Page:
South London Listens - giving everyone a voice
Our journey so far
In summer 2020, the Mental Ill-Health Prevention and Recovery Programme was formed in response to the impact of the Covid-19 pandemic on the mental health and wellbeing of our communities.
Supported by the three mental health Trusts in south London (SWLStG, SLaM and Oxleas), the programme is backed by all local authority partners (councillors and leaders), South West London and South East London Integrated Care Systems, Healthwatch organisations and several community organisations.
The programme has established a Taskforce, hosted three community summits, and commissioned and delivered the South London Listens campaign in partnership with Citizens UK.
The latter involved Citizens UK and other community groups working with the three NHS mental health trusts and 12 boroughs to help prevent a mental health crisis and ensure local people and communities recover from the pandemic together. A survey commissioned for South London Listens revealed that 78% of people have been feeling isolated since the start of the pandemic and 76% have experienced loneliness. Some 81% of people have felt powerless.
Between November 2020 and March 2021, the campaign heard from 5,732 people across South London and focused on reaching groups disproportionately affected by mental ill health. There were also ‘mini-summits’ in several boroughs, attended by community leaders and MPs to share their experiences and ideas.
Throughout March and April 2021, these events were complemented by an online survey which was completed by nearly 600 people.
Time to act
Community workshops were then held in the spring of 2021 to explore commone themes identified across the listening campaign and to develop solutions to the key mental health challenges facing communities in south London.
At a summit held in June 2021 community leaders presented pledges to address four key areas that need to be urgently tackled as identified through the listening: social isolation, work and wages, young people and parents, and access to services.
At this event, hundreds of members of our communities heard NHS Mental Health Trusts, local authorities, voluntary sector organisations and commissioners peldge to take specific action.
The commitments that the mental health trusts signed up to included:
- Working with community groups and local authorities to train hundreds of local people as Mental Health Champions who can support others and signpost them to professional help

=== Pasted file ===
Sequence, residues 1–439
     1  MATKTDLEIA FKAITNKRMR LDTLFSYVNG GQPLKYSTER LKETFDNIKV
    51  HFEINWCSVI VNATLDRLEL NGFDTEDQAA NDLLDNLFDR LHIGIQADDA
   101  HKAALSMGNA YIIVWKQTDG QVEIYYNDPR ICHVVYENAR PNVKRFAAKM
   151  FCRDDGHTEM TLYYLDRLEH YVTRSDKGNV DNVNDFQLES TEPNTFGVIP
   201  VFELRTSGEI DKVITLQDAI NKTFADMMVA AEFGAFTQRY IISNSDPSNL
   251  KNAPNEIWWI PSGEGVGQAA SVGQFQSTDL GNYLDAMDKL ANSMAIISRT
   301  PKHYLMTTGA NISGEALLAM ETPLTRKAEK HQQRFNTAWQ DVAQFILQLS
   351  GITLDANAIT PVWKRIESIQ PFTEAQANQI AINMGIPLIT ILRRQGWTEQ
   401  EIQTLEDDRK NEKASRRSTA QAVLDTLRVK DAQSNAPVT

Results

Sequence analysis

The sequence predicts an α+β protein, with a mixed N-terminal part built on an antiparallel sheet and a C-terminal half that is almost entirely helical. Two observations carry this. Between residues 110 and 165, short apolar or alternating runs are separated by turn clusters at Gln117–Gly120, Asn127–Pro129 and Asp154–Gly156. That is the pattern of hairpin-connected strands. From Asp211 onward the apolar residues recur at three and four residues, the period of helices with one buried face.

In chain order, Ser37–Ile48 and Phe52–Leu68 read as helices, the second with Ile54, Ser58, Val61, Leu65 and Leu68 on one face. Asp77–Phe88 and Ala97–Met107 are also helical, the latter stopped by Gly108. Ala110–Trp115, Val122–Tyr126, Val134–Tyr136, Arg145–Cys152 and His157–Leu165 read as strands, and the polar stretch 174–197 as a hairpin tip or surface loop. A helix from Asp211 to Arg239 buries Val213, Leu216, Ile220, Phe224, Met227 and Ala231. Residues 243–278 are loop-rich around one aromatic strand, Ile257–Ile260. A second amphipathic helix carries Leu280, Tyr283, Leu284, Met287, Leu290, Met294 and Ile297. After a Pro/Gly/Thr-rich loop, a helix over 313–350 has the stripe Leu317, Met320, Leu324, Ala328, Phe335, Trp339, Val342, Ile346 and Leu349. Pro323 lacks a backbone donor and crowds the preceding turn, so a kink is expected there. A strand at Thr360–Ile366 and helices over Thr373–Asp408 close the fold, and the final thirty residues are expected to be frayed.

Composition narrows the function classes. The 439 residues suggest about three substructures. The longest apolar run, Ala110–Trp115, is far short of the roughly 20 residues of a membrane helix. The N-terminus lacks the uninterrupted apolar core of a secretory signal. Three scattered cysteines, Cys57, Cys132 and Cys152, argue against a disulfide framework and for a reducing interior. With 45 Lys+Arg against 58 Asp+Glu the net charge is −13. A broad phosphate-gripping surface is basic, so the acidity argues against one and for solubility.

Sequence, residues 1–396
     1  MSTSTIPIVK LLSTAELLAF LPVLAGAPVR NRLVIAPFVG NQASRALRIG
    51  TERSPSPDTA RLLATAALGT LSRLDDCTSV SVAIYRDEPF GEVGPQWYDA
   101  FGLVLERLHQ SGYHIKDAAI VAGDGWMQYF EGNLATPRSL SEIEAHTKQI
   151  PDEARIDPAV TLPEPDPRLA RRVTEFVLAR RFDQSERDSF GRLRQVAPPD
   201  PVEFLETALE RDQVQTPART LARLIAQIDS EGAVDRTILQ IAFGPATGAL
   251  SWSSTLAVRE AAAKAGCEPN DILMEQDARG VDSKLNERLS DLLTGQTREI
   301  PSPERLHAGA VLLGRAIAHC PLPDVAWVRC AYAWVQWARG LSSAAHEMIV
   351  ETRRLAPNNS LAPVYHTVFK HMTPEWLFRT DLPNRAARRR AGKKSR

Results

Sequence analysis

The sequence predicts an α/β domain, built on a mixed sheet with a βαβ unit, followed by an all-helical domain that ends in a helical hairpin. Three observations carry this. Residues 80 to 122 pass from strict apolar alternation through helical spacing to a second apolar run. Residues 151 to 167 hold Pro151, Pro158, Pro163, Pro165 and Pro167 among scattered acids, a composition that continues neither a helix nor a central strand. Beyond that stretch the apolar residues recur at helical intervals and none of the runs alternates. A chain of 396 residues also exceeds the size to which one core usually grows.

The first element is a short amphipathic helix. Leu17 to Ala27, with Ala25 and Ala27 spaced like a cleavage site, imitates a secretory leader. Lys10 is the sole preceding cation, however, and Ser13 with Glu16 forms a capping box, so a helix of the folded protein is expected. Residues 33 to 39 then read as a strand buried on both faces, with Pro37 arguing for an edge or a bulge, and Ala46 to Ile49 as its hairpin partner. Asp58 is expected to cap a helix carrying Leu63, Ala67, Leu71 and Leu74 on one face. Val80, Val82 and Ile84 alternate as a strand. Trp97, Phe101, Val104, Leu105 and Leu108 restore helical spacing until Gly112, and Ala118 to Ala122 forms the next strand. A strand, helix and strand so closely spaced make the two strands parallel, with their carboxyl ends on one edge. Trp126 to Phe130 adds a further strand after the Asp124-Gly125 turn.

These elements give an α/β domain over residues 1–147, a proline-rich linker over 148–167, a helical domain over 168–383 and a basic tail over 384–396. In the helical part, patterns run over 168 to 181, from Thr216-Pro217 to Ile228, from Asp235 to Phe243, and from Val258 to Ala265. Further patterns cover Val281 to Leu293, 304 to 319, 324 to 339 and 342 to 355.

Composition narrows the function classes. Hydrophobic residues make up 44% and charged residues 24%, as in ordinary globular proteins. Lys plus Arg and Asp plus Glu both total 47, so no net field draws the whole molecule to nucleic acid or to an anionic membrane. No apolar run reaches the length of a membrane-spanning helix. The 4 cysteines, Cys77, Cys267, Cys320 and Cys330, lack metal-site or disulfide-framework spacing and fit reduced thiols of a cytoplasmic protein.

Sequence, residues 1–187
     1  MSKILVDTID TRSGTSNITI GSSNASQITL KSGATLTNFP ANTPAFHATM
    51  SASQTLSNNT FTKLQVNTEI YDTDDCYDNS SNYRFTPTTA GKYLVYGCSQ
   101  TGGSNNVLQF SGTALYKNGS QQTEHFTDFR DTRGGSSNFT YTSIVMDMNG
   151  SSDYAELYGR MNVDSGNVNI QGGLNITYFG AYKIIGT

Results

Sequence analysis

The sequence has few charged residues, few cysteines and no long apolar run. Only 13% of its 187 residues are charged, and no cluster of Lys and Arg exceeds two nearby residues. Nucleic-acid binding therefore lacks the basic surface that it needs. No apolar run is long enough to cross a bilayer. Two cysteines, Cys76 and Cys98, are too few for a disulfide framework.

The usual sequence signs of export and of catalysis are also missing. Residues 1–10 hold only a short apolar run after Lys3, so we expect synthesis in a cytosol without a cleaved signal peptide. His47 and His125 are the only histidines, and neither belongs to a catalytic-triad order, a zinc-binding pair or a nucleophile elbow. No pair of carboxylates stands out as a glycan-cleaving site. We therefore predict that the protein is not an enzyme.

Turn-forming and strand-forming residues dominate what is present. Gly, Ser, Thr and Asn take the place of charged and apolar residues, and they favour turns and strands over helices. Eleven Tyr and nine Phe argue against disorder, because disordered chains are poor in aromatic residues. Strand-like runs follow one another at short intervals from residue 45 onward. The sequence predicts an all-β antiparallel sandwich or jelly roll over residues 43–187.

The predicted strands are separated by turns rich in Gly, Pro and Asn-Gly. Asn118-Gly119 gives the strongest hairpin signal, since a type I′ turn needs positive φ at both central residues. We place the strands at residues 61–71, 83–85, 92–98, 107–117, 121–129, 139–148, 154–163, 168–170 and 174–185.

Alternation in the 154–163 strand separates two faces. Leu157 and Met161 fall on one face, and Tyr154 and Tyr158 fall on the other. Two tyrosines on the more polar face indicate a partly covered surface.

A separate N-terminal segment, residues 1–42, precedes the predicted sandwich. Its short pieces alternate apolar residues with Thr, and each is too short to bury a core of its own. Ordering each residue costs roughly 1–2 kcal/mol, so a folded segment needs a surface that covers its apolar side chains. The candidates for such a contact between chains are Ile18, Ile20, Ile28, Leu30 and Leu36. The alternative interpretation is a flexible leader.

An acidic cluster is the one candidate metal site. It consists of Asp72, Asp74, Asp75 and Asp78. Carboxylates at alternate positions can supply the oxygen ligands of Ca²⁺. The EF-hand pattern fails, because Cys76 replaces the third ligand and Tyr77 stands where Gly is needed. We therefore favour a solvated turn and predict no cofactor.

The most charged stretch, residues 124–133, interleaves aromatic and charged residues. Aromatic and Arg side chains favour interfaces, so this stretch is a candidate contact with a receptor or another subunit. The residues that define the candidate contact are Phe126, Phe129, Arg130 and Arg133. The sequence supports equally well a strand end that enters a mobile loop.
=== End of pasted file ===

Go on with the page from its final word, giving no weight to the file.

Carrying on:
- Working with community organisations to become Mental Health Hubs where people can talk and get up to date information on mental health support.
- Working with councils and community groups to develop a social isolation, loneliness and digital inclusion strategy
- Supporting and resourcing parent groups to offer peer-to-peer and other mental health support
- Developing a ‘virtual waiting room’ where children and young waiting for mental health treatment are kept better informed and given bespoke digital tools
- Training and equipping staff to understand and overcome barriers that members of black and ethnic minority communities face in accessing mental health services
- Champion the Living Wage within the health sector more widely, including encouraging GP surgeries, Clinical Commissioning Groups and hospitals to become Living Wage employers.
Over the summer of 2021 programme partners will be working together to develop the programmes action plan to deliver on the various pledges. This will be published in late Autumn 2021.
About our taskforce
The programme is overseen by tge ‘Mental Ill-Health Prevention and Recovery Taskforce’, a group made up of representatives from across the programme’s partner organisations. Its purpose is to take forward a long-term prevention programme focused on protecting and promoting mental health in the community.
In 2020, the South London Mental Health and Community Partnership laid the foundations for the programme by hosting a number of digital summits to bring people together. The Taskforce built on early insights gained to develop a set of ambition statements in six key areas:
Social isolation, loneliness and community involvement
Helping people who are at risk of losing their jobs cope
Housing insecurity and environment
Supporting communities and groups who experience disadvantage
Supporting families, children and young people
Developing a long-term, joined-up approach to prevention
Alongside this, the Taskforce has started work early on to shape possible solutions to the impacts of Covid-19 on our communities’ mental health. Ideas included tackling the digital divide, improving mental health awareness and signposting, co-producing information on mental health promotion and prevention, identifying the barriers to support and growing community networks.